Vulnerabilities in Foscam IP Cameras
Vulnerabilities in Foscam IP CamerasFoscam

The use of smart devices is only going to grow in the next few years owing to its efficiency and cost savings but it can turn out to be a bane to the society owing to high risk of such devices being compromised to notorious hackers. A study by Finland-based cyber security firm F-Secure has said that Internet of Things (IoT) like webcams is vulnerable to hackers, which is a cause of concern.

F-Secure has said in its report titled "Vulnerabilities in Foscam IP Cameras" that smart devices that are engineered without regard for security are vulnerable to hacking and that hackers can "infect it with malware that would not only fully compromise the device, but also grant free reign inside the network, including access to network systems and resources."

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IP camera or Internet protocol camera is a digital video camera usually installed for surveillance. It can send and receive data via a computer network and the Internet unlike CCTV (closed circuit television) camera.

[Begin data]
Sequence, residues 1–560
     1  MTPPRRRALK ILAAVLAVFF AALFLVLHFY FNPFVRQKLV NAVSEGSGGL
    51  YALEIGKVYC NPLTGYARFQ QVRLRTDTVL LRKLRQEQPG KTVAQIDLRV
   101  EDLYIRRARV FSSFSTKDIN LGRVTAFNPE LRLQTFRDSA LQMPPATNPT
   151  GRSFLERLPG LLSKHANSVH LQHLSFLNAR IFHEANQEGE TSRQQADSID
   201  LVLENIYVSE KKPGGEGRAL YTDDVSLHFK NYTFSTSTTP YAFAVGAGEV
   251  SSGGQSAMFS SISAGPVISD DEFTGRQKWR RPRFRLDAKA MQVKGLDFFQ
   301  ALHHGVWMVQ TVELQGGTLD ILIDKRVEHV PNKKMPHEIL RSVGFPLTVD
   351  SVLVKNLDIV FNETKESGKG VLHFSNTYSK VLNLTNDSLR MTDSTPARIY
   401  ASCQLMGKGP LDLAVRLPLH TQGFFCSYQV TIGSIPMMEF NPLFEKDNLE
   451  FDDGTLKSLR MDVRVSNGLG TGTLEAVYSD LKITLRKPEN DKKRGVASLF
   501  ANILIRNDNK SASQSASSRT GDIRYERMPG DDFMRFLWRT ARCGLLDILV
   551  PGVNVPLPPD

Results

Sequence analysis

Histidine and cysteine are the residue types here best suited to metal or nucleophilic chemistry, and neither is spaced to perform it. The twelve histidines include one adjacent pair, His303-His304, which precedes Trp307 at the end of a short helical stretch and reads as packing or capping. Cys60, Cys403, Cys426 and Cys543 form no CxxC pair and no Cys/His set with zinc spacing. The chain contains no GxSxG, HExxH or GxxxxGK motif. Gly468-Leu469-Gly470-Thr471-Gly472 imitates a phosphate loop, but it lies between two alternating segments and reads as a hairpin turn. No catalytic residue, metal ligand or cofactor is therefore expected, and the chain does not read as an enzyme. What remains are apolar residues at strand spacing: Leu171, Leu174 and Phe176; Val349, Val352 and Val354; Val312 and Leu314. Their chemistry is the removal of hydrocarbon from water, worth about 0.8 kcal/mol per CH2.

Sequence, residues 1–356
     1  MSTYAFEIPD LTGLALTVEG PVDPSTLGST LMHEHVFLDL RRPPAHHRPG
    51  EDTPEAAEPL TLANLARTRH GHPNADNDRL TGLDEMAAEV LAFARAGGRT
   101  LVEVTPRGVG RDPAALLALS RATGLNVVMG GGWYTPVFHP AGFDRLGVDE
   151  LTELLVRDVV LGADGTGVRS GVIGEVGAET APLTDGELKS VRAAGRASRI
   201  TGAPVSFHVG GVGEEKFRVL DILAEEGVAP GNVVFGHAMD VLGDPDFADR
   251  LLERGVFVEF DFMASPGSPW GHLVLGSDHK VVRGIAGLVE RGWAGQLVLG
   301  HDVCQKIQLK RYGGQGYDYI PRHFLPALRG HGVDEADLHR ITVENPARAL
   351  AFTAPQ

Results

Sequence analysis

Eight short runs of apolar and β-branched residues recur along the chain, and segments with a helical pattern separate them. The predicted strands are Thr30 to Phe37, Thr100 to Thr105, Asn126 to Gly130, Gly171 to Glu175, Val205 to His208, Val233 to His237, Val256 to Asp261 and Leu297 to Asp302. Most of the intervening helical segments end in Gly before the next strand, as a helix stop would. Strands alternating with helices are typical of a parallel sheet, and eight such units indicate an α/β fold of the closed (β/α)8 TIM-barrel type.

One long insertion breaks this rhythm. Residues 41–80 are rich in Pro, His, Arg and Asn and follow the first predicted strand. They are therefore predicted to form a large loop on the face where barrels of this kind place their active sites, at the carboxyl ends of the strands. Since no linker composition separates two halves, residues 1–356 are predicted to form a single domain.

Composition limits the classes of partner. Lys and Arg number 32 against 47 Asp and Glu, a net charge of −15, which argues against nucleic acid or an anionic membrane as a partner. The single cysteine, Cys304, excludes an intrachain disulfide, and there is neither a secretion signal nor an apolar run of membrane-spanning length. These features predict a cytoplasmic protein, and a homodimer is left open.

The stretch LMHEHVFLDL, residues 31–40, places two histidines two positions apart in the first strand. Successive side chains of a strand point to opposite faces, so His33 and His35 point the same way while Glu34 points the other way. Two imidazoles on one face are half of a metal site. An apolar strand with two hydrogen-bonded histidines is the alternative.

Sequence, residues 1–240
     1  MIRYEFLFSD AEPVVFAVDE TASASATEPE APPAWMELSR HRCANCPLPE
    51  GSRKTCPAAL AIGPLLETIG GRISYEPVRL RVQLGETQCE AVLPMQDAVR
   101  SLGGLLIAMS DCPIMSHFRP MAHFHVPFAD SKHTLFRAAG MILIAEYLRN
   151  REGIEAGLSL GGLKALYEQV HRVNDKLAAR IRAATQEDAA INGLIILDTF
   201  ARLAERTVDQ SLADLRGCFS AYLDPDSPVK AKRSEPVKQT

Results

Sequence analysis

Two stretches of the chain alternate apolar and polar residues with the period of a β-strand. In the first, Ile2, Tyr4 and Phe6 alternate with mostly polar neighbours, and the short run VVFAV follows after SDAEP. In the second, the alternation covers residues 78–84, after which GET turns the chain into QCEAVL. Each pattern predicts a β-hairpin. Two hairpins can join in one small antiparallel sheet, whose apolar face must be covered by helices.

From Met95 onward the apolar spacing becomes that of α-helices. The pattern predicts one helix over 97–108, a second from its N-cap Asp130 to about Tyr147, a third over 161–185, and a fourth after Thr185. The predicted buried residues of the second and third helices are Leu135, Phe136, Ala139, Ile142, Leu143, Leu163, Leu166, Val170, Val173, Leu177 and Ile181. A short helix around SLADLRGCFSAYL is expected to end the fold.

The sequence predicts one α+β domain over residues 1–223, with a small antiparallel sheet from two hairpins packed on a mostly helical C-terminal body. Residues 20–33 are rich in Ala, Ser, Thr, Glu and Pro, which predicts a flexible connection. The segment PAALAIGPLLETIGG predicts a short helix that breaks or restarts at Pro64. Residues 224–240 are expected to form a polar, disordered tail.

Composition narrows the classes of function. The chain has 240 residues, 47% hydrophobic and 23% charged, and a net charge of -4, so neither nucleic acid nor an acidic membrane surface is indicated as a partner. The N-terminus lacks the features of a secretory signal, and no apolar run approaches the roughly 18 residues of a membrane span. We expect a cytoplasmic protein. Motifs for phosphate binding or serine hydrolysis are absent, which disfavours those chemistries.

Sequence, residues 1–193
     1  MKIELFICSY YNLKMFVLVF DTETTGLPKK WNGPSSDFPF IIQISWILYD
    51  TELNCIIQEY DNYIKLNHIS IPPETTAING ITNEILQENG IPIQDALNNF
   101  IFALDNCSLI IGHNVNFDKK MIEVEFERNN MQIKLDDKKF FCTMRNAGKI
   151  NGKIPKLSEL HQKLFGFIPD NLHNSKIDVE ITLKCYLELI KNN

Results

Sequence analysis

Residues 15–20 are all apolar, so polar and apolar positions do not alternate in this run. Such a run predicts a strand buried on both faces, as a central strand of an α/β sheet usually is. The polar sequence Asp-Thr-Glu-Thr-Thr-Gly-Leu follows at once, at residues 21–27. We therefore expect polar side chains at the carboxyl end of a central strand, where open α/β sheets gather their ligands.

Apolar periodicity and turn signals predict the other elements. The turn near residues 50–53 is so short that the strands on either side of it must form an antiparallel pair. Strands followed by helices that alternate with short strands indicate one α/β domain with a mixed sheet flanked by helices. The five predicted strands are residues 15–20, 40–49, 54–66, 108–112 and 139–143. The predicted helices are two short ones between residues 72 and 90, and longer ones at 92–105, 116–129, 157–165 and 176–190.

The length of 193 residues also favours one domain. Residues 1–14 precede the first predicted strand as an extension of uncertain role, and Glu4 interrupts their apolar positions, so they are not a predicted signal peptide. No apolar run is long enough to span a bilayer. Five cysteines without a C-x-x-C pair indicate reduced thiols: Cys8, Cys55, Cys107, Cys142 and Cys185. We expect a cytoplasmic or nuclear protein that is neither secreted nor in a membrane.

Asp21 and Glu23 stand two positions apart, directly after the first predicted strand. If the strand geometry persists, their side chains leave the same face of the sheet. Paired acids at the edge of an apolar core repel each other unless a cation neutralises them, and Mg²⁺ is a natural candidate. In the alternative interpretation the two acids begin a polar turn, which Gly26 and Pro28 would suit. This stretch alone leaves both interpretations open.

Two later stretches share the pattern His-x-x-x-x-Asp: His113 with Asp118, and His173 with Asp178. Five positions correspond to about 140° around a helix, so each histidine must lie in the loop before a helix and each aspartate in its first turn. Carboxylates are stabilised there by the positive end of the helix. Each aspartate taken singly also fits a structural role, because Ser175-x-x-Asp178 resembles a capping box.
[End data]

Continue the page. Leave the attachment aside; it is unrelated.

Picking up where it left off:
The Finland-based cyber security firm discovered multiple flaws in two models of Foscam-made IP cameras namely Opticam i5 and Foscam C2 that can lead to full device compromise. Hackers can manipulate a webcam like view the video feed, control the camera operation, upload and download files from the built-in FTP server, stop or freeze the video feed, and even resort to DDoS (distributed denial of service) if a device is compromised.

Webcam hackers
Bulgaria detains hacker responsible for hacking 3,500 websites following Charlie Hebdo attacks in Paris. (Representational picture)Reuters File

"An unauthenticated attacker can persistently compromise these cameras by employing a number of different methods leading to full loss of confidentiality, integrity and availability, depending on the actions of the attacker," said the report.

"If the device is in a corporate local area network, and the attacker gains access to the network, they can compromise the device and infect it with a persistent remote access malware. The malware would then allow the attacker unfettered access to the corporate network and the associated resources," it added.

The report went on to say that the responsibility for ensuring the security of hardware and software ultimately lies with the vendors of smart devices.